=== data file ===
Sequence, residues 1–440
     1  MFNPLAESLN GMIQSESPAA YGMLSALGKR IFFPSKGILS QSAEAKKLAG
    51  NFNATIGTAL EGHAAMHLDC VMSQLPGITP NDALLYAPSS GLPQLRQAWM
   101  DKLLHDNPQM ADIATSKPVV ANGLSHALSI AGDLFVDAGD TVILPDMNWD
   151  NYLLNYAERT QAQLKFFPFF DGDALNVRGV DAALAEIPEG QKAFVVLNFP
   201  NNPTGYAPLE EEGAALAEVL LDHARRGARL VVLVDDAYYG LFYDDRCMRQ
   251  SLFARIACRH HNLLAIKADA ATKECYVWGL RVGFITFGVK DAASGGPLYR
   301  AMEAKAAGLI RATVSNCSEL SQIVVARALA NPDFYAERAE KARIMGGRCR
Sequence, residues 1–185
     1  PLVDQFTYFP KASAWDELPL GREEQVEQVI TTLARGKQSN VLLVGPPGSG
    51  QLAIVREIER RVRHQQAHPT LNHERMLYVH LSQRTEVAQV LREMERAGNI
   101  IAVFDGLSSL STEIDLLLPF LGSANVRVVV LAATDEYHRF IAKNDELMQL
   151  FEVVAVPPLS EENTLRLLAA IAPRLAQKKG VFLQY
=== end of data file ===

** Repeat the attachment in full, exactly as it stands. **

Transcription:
Sequence, residues 1–440
     1  MFNPLAESLN GMIQSESPAA YGMLSALGKR IFFPSKGILS QSAEAKKLAG
    51  NFNATIGTAL EGHAAMHLDC VMSQLPGITP NDALLYAPSS GLPQLRQAWM
   101  DKLLHDNPQM ADIATSKPVV ANGLSHALSI AGDLFVDAGD TVILPDMNWD
   151  NYLLNYAERT QAQLKFFPFF DGDALNVRGV DAALAEIPEG QKAFVVLNFP
   201  NNPTGYAPLE EEGAALAEVL LDHARRGARL VVLVDDAYYG LFYDDRCMRQ
   251  SLFARIACRH HNLLAIKADA ATKECYVWGL RVGFITFGVK DAASGGPLYR
   301  AMEAKAAGLI RATVSNCSEL SQIVVARALA NPDFYAERAE KARIMGGRCR
Sequence, residues 1–185
     1  PLVDQFTYFP KASAWDELPL GREEQVEQVI TTLARGKQSN VLLVGPPGSG
    51  QLAIVREIER RVRHQQAHPT LNHERMLYVH LSQRTEVAQV LREMERAGNI
   101  IAVFDGLSSL STEIDLLLPF LGSANVRVVV LAATDEYHRF IAKNDELMQL
   151  FEVVAVPPLS EENTLRLLAA IAPRLAQKKG VFLQY